I found the solution to my broken kitchen door a few months before the door actually broke. At a sale of salvaged house parts collected by the city of Minneapolis before demolitions, I found a swinging door identical in style and finish to the original in my basement. Although the city was selling the doors in lots of ten, they let me buy just the door I wanted. Price: $25.
When the kitchen door broke, I got to work fitting my salvage find as a replacement. (I’m keeping the original swinging door untouched for a time when the kitchen tile is removed and the floor returned to its original height.) To make the salvaged door fit the raised tile floor in the kitchen, I trimmed about an inch and a quarter off the bottom of it. This included re-cutting the notch for the spring-loaded swinging hinge. I actually had to do the saw work twice because I was too conservative in my measurement the first time and couldn’t quite fit the door in place. By far the most laborious part of the process was chiselling the small notch to receive the mounting tongue at the end of the hinge.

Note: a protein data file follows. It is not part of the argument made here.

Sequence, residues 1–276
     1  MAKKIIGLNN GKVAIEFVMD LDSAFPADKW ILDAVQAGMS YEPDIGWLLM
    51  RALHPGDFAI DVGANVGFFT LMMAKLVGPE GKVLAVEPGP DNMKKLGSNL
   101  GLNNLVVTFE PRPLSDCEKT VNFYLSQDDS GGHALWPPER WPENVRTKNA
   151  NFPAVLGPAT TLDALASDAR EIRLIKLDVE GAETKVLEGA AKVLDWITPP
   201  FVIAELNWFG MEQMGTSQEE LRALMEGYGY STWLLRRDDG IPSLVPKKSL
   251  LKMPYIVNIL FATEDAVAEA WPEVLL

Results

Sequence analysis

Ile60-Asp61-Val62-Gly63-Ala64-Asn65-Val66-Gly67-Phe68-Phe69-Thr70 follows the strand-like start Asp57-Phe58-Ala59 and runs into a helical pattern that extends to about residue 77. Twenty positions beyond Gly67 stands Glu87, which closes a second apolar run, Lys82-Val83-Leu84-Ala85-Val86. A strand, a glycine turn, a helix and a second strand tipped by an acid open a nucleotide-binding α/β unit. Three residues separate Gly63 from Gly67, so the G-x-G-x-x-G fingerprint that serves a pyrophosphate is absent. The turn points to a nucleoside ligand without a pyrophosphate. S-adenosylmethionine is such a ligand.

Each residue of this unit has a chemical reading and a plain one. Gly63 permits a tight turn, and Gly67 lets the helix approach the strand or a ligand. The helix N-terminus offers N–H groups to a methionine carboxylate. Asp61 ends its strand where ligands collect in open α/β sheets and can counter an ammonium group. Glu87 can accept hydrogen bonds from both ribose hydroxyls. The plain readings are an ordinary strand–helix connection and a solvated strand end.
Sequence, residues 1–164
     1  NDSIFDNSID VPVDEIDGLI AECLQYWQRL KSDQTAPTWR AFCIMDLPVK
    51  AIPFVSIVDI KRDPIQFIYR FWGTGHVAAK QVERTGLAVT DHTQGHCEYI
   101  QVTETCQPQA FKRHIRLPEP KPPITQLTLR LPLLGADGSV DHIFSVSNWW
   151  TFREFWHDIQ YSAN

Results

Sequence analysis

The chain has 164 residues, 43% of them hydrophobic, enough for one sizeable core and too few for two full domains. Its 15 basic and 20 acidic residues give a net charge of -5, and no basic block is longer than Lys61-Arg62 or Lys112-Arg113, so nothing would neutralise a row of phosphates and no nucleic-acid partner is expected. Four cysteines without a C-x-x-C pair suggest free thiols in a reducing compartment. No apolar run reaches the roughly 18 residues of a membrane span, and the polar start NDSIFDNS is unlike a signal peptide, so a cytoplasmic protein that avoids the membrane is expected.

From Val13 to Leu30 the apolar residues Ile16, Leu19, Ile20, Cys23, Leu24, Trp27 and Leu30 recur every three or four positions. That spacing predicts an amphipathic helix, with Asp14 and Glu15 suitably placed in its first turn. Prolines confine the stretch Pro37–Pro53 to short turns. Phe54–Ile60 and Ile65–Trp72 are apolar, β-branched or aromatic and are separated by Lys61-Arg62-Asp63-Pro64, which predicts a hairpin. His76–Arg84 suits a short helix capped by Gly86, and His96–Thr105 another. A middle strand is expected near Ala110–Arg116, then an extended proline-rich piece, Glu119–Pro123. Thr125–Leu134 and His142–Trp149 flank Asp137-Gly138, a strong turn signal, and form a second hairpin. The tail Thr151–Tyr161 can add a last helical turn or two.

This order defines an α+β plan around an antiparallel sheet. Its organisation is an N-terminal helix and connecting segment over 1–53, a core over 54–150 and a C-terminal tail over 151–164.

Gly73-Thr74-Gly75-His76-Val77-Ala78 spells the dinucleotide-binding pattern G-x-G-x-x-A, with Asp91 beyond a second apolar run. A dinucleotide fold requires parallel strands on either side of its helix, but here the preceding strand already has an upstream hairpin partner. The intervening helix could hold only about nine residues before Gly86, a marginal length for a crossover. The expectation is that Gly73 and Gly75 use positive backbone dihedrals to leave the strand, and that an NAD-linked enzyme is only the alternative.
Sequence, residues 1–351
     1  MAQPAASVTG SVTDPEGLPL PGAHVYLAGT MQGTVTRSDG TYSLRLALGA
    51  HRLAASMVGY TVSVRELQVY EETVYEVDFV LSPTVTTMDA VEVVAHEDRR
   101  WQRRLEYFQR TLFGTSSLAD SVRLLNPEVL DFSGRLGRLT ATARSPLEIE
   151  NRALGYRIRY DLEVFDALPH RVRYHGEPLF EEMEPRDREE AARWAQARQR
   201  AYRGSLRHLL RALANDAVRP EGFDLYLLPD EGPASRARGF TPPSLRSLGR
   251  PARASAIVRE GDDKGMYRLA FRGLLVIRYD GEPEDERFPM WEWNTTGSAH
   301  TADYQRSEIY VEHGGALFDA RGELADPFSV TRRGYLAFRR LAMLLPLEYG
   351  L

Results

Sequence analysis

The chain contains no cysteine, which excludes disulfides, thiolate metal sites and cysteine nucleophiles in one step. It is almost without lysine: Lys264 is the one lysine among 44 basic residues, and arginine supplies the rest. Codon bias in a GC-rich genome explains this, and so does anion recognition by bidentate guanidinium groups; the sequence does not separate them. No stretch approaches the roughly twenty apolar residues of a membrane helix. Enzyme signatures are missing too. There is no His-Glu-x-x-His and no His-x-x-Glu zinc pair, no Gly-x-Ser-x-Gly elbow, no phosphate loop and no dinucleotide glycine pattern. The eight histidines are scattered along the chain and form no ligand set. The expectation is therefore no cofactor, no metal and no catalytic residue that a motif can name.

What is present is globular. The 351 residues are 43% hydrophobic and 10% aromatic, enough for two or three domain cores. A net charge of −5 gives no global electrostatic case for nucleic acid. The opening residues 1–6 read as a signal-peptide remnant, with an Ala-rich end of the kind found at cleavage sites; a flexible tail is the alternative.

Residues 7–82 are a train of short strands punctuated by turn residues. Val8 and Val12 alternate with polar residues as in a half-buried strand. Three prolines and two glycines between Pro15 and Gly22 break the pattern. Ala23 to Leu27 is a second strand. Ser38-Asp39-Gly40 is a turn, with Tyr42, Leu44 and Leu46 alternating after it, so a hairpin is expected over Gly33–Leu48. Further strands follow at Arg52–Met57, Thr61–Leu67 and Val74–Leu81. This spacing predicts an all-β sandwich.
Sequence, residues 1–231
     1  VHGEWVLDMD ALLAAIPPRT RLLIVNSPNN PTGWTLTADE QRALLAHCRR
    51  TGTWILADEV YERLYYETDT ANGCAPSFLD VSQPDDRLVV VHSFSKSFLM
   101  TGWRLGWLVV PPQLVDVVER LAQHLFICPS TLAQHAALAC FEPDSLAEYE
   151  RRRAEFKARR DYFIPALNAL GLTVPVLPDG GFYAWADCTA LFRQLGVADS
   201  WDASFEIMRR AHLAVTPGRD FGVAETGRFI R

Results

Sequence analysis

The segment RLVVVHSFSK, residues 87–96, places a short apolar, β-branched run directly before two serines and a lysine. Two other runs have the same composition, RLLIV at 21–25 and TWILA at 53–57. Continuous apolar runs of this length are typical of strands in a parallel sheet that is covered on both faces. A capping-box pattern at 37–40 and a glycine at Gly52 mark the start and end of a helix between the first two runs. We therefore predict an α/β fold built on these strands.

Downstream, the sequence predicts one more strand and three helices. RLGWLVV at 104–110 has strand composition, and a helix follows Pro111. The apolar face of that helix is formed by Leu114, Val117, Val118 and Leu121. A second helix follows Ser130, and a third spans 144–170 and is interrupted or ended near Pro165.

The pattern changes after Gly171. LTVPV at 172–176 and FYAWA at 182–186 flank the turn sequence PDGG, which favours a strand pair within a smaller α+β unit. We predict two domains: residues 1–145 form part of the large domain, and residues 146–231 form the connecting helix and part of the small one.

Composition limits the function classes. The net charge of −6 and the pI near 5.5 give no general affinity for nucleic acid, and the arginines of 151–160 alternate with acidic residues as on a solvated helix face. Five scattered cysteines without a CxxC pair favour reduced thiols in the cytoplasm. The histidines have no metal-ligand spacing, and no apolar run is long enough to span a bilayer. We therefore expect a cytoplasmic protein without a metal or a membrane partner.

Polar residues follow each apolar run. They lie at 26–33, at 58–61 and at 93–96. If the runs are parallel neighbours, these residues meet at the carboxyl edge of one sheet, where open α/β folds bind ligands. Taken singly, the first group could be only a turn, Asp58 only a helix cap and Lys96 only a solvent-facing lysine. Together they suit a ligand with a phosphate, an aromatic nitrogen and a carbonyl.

Like the door, the hinge is salvage, bought from Guilded Salvage in North Minneapolis. I later went back for some salvaged brass push plates once I had the door in place.
I am proud of the fact that this project yielded a great aesthetic improvement on the previous door, and that it was a restoration done completely with salvaged original-to-the-era-and-geography parts.
The door isn’t perfect, but its scratches and finish flaws are a big part of its appeal. In a way few new replacements could (and for a lot less money), this salvaged door looks like it belongs in my octogenarian house and it wears its age appropriately and with grace.